Having flown in to assess the latest recovery efforts from the series of devastating earthquakes and aftershocks that have afflicted New Zealand's south island city, Benedict Burke comes face to face with a rather different type of loss.
I arrived in Christchurch early this morning (local time) and have just completed my first update briefing with the Crawford Global Technical Services team in New Zealand.
Our presence here has been part of a Crawford catastrophe consulting programme to work with reinsurers.
However, the hot news here is not that the All Blacks lost to England on Saturday but that masses of wheelie bins are going missing - it reminds me of home in north London!
Thousands of people have disappeared from Christchurch's earthquake-smashed eastern suburbs. But so it seems have their wheelie bins.
A city council staff report reveals that around 9200 wheelie bins are currently unaccounted for at a value of more than NZ$1m (£500 000).
Wheelie bin mysteries aside, Crawford has a team of about 15 international adjusters working with our partners in NZ, taking direct responsibility for some of the most complex claims.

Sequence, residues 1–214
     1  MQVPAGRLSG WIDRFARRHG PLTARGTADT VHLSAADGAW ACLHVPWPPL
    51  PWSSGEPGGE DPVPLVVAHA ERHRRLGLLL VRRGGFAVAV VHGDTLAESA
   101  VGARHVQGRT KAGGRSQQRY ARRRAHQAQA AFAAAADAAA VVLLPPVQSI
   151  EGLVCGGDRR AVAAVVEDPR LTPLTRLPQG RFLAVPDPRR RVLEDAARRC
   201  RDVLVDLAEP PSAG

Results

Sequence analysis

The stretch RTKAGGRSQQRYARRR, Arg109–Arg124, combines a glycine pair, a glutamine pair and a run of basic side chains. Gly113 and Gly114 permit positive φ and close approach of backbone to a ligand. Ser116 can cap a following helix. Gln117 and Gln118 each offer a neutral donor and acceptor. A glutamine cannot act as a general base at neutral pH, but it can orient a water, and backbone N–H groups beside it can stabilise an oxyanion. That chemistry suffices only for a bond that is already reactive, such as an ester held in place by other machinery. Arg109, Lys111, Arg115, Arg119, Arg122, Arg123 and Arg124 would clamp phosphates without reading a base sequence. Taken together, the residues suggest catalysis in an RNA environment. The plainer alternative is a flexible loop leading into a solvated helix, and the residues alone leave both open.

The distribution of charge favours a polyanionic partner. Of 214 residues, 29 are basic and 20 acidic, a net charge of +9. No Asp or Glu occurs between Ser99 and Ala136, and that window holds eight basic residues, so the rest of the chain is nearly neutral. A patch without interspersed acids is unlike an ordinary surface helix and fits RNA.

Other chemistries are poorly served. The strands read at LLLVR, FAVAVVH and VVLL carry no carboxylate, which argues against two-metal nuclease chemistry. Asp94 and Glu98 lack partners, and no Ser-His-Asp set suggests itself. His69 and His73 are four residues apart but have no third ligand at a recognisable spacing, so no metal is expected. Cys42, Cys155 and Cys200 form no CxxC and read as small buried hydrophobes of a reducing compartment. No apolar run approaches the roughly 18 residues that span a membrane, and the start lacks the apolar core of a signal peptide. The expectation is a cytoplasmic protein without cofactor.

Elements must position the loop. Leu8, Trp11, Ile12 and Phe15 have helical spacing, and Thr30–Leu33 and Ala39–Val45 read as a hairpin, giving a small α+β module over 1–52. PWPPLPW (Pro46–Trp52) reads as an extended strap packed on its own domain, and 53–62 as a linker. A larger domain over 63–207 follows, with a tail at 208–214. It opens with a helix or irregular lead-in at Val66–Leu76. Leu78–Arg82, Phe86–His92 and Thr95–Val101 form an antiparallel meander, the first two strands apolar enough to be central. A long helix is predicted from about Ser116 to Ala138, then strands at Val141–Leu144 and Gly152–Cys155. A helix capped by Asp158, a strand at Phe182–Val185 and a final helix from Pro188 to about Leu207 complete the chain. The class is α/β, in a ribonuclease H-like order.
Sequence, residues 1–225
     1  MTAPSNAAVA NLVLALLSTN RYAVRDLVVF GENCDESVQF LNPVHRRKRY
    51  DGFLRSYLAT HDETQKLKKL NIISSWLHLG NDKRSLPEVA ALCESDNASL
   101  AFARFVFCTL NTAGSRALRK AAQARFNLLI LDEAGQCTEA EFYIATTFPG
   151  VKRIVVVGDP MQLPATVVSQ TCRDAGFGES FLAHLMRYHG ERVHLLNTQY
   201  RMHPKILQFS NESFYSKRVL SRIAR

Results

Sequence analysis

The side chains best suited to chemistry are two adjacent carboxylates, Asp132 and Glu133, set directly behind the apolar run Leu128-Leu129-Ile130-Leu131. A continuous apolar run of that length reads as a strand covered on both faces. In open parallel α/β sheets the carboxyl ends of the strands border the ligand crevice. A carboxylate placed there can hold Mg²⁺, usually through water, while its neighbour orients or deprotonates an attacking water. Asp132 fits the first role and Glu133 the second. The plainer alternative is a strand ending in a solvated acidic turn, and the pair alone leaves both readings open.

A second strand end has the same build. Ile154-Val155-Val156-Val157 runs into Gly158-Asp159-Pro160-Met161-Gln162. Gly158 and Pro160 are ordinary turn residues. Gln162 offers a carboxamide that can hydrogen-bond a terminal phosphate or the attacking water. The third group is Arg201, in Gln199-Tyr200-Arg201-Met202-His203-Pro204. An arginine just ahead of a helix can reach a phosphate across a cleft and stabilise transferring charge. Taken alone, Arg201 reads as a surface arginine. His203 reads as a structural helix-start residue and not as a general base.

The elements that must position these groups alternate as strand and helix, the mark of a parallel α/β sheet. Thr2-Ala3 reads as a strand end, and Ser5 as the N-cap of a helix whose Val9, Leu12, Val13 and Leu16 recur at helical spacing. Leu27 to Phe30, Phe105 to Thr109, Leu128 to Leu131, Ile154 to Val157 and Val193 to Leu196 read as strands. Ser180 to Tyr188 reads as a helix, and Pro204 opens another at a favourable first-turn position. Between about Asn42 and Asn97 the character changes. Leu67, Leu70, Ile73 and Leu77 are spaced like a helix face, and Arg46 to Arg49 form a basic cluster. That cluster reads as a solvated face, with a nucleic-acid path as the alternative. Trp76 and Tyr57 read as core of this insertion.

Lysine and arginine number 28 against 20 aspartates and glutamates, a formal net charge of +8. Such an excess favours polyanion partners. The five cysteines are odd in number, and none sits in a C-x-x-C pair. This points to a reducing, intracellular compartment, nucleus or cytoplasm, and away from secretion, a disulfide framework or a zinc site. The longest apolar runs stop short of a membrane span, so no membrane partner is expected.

Their task remains massive and, later today, I will be travelling into the city centre - it's actually called the 'Red Zone' but I didn't want anyone to get the wrong idea about how I am spending my time - to view the many heritage buildings we are adjusting.
Got to keep on rolling, so I'm off now to chase the wheelie bin instruction! Sorry, I couldn't resist.
Benedict Burke, senior vice president, global markets, Crawford & Company
- Cost of motor claims hits highest ever level
- Aviva hires LV and Zurich bosses in commercial growth plan
- Ombudsman launches review following undercover investigation
- Munich Re to cut 900 jobs as reinsurer targets profits surge in 2018
- Loss adjusting and insurtech gains fail to stem Charles Taylor profit decline at full year
- MCE to pull out of Ireland following ‘incredibly disappointing’ loss of passporting
- This week in Post: Claims, costs and closures